PMU mares are basically baby machines that are impregnated for 10+ years straight. It is horrible. The foals of the mares are considered a by-product of the business and are taken from their mothers between 2-4 months old and are sent to the slaughterhouses in Mexico and Canada.
The Conditions of PMU Mares
These paddocks are where PMU mares are forced to stand for the last 6 months of their pregnancy in a small stall and attached to the urine collector strapped between their hind legs. The estrogen rich urine sent to a container. They cannot WALK, STRETCH, SIT, LIE DOWN, and OR BARELY MOVE.
In addition to this torture they withhold water from the mares to make their urine more concentrated, thus, they get more money for the urine. This leaves the mares in a constant state of thirst. Liver and kidney disease are common in PMU mares.
Can you imagine women having to stand up for 6 months while you are pregnant? I don't think you can. They stand on cold concrete floors resulting in swollen legs, aching bodies and heavy fatigue.
Over 75,000 mares are standing in pee-lines today.
While the life expectancy for most horses is well into their twenties and thirties, this is not the case for the PMU mare. Those mares who are considered to be "good producers" may find themselves standing on the "pee lines" for as long as twelve to fourteen years before they finally burn out -- at which point they will be scrapped and sent to the slaughter auctions for meat. Those mares who don't become impregnated will also find themselves being sent to the slaughter auctions.
The foals born to the mares have a very short life. They are consider by-products of the PMU farms and are worth more sold at the slaughter auctions than they are to the farmer. On occasion, enough mares have stopped producing at one of the farms and the mares are sent to slaughter, then a few of the female foals may be saved, just waiting for a miserable life on the pee-line. When you think about it, if those are the only 2 choices, which one is better? Of course, neither. Resucing these poor animals is the only humane thing to do.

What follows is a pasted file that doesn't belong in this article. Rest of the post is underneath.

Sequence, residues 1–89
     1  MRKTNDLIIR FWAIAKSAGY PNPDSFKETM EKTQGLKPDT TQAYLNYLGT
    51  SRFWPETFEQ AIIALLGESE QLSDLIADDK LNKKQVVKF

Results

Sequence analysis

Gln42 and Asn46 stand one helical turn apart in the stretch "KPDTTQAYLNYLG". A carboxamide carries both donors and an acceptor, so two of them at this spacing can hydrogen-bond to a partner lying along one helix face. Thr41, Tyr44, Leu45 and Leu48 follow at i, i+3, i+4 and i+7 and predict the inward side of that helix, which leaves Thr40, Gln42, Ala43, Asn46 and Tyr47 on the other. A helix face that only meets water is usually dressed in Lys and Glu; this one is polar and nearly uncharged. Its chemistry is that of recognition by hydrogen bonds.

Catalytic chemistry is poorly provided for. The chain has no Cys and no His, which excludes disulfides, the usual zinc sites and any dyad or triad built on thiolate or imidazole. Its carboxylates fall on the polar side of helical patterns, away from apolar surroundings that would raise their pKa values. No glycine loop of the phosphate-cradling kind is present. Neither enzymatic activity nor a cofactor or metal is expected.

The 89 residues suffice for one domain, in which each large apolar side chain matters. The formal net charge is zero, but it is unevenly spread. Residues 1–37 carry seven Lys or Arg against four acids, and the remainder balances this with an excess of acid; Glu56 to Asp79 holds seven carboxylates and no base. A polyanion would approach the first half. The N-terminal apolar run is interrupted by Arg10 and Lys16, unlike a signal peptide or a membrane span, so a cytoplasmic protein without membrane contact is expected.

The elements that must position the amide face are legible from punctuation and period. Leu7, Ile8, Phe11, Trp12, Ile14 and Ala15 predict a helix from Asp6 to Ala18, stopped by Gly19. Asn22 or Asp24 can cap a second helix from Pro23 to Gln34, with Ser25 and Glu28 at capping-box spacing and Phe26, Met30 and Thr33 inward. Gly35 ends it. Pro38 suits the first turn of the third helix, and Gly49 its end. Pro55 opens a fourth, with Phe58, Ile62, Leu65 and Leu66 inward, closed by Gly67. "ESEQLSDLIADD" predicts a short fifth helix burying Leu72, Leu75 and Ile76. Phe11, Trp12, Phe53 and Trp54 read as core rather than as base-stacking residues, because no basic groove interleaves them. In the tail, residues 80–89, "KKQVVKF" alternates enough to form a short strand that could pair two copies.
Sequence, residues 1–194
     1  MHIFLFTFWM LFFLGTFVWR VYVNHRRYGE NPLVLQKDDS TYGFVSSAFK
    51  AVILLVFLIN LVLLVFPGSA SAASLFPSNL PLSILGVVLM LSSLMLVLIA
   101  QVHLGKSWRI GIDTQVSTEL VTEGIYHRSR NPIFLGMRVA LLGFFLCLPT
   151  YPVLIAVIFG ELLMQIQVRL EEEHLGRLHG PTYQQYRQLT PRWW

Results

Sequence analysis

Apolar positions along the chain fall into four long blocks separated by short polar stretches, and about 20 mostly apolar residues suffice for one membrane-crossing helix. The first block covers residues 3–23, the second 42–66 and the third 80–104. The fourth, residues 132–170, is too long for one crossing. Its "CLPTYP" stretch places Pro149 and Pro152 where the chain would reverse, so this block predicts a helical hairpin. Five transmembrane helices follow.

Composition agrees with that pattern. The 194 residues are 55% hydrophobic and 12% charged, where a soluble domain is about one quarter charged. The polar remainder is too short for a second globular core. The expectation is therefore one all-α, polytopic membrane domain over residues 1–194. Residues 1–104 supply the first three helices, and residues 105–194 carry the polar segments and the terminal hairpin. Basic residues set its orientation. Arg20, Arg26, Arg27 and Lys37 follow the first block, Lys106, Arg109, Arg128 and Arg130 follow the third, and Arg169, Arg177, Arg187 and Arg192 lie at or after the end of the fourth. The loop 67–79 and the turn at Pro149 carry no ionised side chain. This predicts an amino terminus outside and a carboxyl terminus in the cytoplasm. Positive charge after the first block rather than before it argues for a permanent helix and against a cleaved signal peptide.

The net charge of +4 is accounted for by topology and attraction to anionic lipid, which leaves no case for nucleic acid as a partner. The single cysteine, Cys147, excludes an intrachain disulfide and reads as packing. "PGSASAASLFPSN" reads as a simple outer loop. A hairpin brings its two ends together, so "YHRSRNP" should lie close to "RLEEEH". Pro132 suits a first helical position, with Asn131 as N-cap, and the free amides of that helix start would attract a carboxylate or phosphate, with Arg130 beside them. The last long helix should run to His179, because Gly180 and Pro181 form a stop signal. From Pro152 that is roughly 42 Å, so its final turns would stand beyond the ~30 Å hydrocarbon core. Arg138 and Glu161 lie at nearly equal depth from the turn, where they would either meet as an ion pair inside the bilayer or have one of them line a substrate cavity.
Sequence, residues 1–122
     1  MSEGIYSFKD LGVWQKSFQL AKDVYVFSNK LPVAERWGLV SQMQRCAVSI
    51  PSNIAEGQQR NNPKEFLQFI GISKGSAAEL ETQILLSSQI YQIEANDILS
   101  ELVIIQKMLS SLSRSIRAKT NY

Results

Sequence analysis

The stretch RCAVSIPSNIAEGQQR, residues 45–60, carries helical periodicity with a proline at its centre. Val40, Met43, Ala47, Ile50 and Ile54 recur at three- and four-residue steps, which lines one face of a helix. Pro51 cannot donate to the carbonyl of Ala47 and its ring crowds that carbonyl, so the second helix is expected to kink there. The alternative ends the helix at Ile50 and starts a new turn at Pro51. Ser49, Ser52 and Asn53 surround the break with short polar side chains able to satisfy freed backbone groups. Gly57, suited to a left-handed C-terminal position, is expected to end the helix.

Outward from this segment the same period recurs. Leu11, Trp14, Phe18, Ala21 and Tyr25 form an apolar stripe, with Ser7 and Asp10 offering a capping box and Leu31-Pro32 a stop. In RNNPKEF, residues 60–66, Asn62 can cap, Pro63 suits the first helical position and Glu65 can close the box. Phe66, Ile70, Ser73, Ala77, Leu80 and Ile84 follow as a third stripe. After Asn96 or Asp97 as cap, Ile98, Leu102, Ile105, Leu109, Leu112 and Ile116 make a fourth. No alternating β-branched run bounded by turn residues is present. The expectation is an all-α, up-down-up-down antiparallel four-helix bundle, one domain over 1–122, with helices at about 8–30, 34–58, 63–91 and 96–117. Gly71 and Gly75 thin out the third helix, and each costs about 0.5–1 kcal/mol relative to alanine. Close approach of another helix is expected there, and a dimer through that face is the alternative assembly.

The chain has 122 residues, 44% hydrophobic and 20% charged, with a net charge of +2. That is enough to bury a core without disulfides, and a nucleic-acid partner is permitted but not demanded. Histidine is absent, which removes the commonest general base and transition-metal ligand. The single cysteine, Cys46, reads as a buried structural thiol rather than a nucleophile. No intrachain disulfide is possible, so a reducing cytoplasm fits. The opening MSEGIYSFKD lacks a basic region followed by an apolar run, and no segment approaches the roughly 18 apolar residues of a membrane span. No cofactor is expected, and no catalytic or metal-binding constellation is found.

A filly foal has about a 10% chance of making it. A colt foal has about a 3% chance of not going to slaughter.
The Slaughter Houses
Many equines are take to the auctions and then onto the slaughter houses. They are sold for their meat to many countries who consume horse meat. Other equines at the auction include race horses who suffered injury or just weren't fast enough; miniature horses, ponies; donkeys, mules; draft horses; wild horses; stolen horses; young; old, sick and infirm; trusting companion horses and ponies whose humans lost interest or could no longer afford them.
For the PMU foals at the auctions, things just get worse. They are separated from their mothers and cry for them at the auction. They have not been weaned and often try to nurse from each other in their confusion and panic.
Since they closed the slaughterhouses in the United States- which sounds like a humane thing to do. Most of the horses sent to the slaughterhouses now have to endure a long trip inside a packed trailer to Mexico or Canada just to be slaughtered there in less humane conditions than in the United States.
What can you do?
Please do not take Premerin and continue this viscious cylce. If your doctor recommends Premerin ask for an alternative. They don't deserve this life, nor the disposal of their foals.